No. This is Game of Thrones. You win or you die. You lose your nerve and you die. And this fantastic character who killed an entire House to avenge the deaths of her House did not deserve to be belittled by becoming a trope.
And let’s be honest: a lot more people should have died and not just countless unnamed characters.
If this were an actual battle, many more main characters ought to have been dead beyond just Lyanna Mormont, who bravely slew a giant, ‘Dolorous’ Edd Tolett, Jorah Mormont, Theon Greyjoy, the Dothraki and almost all the Unsullied (barring Greyworm, miraculously).
This was not a battle, this was a rip-off. A disservice to all fans of the show and the books. After waiting for 16 years to read/watch the penultimate battle between the living and the dead, this was hardly the fare that was expected.
My rant does not mean there were not moments of awe and satisfaction. From Greyworm rallying the Unsullied to stand their ground while the army retreats, to Lyanna Mormont showing us that little girls are made of iron, to Theon’s redemption and death and Arya’s incredibly bad-ass moments, there were several scenes that hit the spot.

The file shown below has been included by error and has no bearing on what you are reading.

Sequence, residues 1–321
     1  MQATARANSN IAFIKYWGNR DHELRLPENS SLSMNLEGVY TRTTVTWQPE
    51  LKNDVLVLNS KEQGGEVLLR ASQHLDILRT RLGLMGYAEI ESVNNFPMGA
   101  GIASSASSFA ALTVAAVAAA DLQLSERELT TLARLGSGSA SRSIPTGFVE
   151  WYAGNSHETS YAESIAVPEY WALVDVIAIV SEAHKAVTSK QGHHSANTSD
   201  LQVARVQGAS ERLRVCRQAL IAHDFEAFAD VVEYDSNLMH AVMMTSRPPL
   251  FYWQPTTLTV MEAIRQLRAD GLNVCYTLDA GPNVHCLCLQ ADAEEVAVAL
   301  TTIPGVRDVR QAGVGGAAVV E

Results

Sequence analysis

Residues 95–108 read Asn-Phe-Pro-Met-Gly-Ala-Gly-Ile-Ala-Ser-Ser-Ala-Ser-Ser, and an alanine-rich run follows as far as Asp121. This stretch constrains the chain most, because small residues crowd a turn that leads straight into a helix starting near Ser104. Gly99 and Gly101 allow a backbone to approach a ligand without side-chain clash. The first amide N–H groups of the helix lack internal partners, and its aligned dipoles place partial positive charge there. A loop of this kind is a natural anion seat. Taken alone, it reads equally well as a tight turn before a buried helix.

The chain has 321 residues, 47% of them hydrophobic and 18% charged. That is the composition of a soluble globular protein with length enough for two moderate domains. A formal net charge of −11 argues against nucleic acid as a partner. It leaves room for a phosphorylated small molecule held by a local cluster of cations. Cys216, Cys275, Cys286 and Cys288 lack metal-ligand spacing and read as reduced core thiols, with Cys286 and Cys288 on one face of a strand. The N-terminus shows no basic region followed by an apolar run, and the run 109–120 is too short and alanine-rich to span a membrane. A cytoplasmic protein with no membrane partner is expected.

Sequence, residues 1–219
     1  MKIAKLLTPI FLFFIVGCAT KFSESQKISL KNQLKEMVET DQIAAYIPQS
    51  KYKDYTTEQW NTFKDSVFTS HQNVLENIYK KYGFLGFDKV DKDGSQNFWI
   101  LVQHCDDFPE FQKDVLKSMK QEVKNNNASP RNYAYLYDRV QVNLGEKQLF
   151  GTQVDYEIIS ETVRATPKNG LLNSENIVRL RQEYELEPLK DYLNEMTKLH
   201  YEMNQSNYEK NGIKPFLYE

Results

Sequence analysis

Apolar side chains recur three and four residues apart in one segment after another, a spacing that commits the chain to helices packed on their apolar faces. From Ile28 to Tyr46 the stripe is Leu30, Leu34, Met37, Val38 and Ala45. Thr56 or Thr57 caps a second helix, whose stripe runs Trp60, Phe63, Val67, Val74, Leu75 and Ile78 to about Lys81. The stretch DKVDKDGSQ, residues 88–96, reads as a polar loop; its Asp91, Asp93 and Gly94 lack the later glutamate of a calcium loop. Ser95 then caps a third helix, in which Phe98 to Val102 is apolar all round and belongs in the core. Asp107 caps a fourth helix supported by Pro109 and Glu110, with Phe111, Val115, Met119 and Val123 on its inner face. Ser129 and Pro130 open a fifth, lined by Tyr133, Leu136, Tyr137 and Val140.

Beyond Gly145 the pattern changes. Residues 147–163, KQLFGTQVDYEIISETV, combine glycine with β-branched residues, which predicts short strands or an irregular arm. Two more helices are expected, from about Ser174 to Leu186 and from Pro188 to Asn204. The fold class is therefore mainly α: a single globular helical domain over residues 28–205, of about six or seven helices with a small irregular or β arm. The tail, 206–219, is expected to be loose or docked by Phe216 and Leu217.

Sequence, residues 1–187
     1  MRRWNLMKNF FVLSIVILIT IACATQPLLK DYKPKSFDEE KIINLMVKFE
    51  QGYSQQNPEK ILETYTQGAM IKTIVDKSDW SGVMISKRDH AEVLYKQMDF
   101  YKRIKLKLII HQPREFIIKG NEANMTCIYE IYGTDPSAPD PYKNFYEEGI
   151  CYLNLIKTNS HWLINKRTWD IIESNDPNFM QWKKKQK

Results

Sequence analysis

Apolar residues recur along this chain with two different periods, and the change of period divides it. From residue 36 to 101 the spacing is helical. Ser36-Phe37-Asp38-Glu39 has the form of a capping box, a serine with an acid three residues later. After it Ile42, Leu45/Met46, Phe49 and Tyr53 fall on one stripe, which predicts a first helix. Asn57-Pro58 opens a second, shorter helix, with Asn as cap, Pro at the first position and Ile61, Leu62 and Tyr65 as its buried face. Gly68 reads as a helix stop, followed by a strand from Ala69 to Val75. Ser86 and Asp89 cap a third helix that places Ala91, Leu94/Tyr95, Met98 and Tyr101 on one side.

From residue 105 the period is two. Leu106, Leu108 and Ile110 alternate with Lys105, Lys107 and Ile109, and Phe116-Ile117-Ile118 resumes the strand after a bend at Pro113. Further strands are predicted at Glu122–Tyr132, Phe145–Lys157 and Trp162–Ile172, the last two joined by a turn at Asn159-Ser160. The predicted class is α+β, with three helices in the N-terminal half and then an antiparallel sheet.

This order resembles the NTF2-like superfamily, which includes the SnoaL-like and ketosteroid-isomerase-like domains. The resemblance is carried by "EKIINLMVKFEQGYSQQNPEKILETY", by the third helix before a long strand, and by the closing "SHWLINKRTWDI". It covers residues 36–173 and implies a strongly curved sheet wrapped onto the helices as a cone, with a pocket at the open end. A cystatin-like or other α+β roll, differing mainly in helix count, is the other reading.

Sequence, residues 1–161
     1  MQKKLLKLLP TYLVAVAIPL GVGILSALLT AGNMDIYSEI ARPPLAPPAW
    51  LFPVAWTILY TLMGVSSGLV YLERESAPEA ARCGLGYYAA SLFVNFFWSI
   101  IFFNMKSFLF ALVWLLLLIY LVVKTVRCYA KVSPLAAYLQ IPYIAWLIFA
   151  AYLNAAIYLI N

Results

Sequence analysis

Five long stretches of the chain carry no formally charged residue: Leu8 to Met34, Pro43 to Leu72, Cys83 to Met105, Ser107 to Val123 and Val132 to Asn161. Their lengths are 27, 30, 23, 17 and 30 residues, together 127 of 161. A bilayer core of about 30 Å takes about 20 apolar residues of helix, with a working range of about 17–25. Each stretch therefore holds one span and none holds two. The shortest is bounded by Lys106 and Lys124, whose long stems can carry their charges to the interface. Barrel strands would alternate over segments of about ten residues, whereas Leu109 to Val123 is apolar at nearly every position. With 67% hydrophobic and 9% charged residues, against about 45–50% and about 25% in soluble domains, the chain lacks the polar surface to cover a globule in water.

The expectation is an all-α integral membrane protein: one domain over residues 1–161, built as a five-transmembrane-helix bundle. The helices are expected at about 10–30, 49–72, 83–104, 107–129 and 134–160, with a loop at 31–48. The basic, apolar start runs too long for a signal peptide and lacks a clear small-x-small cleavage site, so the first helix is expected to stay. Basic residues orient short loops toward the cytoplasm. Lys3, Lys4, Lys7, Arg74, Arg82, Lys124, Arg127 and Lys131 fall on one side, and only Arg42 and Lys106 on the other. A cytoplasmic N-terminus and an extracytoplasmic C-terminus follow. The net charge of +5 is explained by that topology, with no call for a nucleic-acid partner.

It was a badass victory, but not exactly worthy of all the hype that led up to it.
The letdown feels worse since HBO has gotten it right in the past.
And wonderfully so. The death of Ned Stark proved that the game of thrones is real and deadly, whether you understand it or not. The Red Wedding shattered the idea that if you are noble the world will not hurt you. The death of the Viper proved that trying to right a wrong does not always end the way you want. The Battle of the Bastards gave us one of the most amazing battles in remembrance. The claustrophobia, the panic and the sheer belief that this is it – it was all there. The battle of Hardhome. Black Water. The sept blowing up, taking a chunk of King’s Landing and Margaery Tyrell with it.
This was Game of Thrones. Not the watered-down fare we were served instead of what should have been a battle for the ages.
I am missing so much that was wrong with this episode. There was nothing shocking. There was nothing visceral. Nothing cut like dragon glass – other than Arya’s well-deserved stab at the Night King. Nothing made the internet sit up and scream in horror.
With only three episodes left in the series, this letdown couldn’t have come at a worse time.
In short, this was not a Game of Thrones episode. This was a debacle that I spent 16 years of my life waiting to see. And now I wish I could unsee it, and hop over to an alternate universe where GRRM actually finished the series.
Ayesha Matharu is a dog-loving, fiction-reading, sci-fi enthusiast who funds her interests for the above with a day job.
Featured image credit: HBO